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Abdul Rab Vs. Emperor - Court Judgment

LegalCrystal Citation
SubjectCriminal
CourtAllahabad
Decided On
Judge
Reported inAIR1916All294; 32Ind.Cas.656
AppellantAbdul Rab
RespondentEmperor
Excerpt:
criminal procedure code (act v of 1898), section 237 - charge--procedure. - - i am by no means satisfied on the evidence that this offence is brought home to the appellant abdul rab in particular. the learned sessions judge has given good reasons for passing a lenient sentence on this conviction.piggott, j.1. the appellant, abdul rab was a police constable employed at police station man, in the azamgarh district. he fell out with another constable of the name of ram raj, and the latter gave information to the circle inspector accusing abdul rab of having been concerned in various malpractices. there was an inquiry, with the result that a magistrate committed abdul rab for trial before the court of session on two specific charges, each framed under section 161, indian penal code. the learned sessions judge has convicted abdul rab on one of these charges as framed; but with reference to the other has used the powers conferred on the court by section 237 of the code of criminal procedure to record a conviction for an offence of extortion punishable under section 384, indian penal.....
Judgment:

Piggott, J.

1. The appellant, Abdul Rab was a Police constable employed at Police station Man, in the Azamgarh District. He fell out with another constable of the name of Ram Raj, and the latter gave information to the Circle Inspector accusing Abdul Rab of having been concerned in various malpractices. There was an inquiry, with the result that a Magistrate committed Abdul Rab for trial before the Court of Session on two specific charges, each framed under Section 161, Indian Penal Code. The learned Sessions Judge has convicted Abdul Rab on one of these charges as framed; but with reference to the other has used the powers conferred on the Court by Section 237 of the Code of Criminal Procedure to record a conviction for an offence of extortion punishable under Section 384, Indian Penal Code. When a Court finds it necessary to make use of the section above referred to in order to convict an accused person of an offence with which he has not been charged, I think it should be particularly careful to formulate to its own mind the charge upon which, had it been duly framed, it would be prepared to convict. I do not think the learned Sessions Judge has done so in the present ease, for I find it very difficult to understand, either from the evidence or from his judgment, what was the injury of which the persons who gave evidence against Abdul Rab were put in fear in order to induce them to deliver to Abdul Rab the sum of. Re. 1 alleged to have been paid. The transaction as a whole, according to the story told by the prosecution witnesses, was one to which Section 161 rather than Section 384 would ordinarily be applicable. The story told is that certain butchers had purchased 12 head of cattle and were bringing them to their homes, when the cattle were seized and detained at the Police station; they were not released until an illegal gratification of Re. 1 1 ad been paid to the Police officer concerned. According to the complainants the payment was made to the appellant Abdul Rab. The records of the Police station show that 12 head of cattle were in fact stopped and detained for a time at the Police station, nor does the accused himself deny that this was the case. It is clear, however, that this was done by the authority of Mohammad Askari, Head Constable. It is quite probable that under pretence of satisfying themselves that the animals were not stolen property, the officers in authority at Police station Man detained these 12 head of cattle, put the persons in charge of them to a certain amount of inconvenience, and did not finally release them until their palms had been oiled. I am by no means satisfied on the evidence that this offence is brought home to the appellant Abdul Rab in particular. Once the transaction is placed on its proper footing as an offence punishable, if at all, under Section 161, Indian Penal Code, it becomes patent that the whole of the evidence for the prosecution is accomplice evidence, and has to be received with caution as such. In my opinion this charge was not satisfactorily proved against Abdul Rab and I set aside the conviction and sentence in respect of the same.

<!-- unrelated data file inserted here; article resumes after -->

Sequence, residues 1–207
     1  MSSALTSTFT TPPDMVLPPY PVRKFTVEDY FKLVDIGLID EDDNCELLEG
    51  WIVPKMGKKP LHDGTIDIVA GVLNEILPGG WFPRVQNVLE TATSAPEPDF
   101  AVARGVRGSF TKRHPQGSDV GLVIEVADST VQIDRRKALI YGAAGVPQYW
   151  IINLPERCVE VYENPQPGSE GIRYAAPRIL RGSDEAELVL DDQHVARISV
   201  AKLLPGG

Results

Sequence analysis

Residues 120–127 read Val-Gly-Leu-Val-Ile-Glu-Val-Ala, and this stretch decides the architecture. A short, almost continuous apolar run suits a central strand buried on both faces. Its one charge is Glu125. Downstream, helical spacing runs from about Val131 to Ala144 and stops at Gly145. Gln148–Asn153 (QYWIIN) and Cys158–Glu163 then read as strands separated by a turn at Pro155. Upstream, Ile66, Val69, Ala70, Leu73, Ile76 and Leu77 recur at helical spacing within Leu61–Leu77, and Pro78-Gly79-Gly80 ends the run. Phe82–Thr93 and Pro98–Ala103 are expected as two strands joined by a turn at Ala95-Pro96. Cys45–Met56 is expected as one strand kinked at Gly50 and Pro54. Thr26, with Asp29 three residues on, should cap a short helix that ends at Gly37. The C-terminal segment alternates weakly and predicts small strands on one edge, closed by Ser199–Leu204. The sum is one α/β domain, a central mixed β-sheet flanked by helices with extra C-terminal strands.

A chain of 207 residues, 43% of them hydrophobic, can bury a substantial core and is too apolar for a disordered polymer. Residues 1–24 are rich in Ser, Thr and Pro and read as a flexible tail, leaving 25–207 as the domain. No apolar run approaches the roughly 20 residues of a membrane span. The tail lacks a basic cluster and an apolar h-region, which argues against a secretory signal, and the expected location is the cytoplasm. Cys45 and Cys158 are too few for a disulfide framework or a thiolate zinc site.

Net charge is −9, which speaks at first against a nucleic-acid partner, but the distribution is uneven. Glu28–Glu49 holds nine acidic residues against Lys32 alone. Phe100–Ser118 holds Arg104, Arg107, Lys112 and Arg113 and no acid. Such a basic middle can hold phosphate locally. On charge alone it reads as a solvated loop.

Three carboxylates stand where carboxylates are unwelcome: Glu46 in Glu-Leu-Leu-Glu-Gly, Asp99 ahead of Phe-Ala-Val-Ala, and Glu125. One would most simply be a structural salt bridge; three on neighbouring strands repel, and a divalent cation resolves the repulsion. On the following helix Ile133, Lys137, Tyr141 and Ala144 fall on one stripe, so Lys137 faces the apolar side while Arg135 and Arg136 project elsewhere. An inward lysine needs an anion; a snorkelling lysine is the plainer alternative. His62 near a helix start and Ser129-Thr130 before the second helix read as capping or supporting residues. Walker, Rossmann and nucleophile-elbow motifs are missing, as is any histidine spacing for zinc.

2. The other offence charged Seems to rest on a securer basis of fact. There is a great deal of evidence, including statements made by persons who cannot strictly be regarded as accomplices, to the effect that a vicious system had grown up amongst the butchers at Man of making a monthly payment to the officials at the local Police station in return for which they were permitted to make their cattle as much of a nuisance on the public thoroughfares as they chose, without interference on the part of the Police I think the evidence on the record does prove that Abdul Rab was the Police officer to whom this payment was actually made. I am prepared to affirm the conviction under Section 161, Indian Penal Code, which has been recorded in respect of the second charge. The learned Sessions Judge has given good reasons for passing a lenient sentence on this conviction. It has been suggested to me that the sentence of three months' rigorous imprisonment might still further be reduced but on the whole, I think, in the interest of public justice it may be allowed to stand.

3. The result is that this appeal prevails with regard to the conviction and sentence on the first charge and is dismissed with regard to the conviction and sentence on the second charge.


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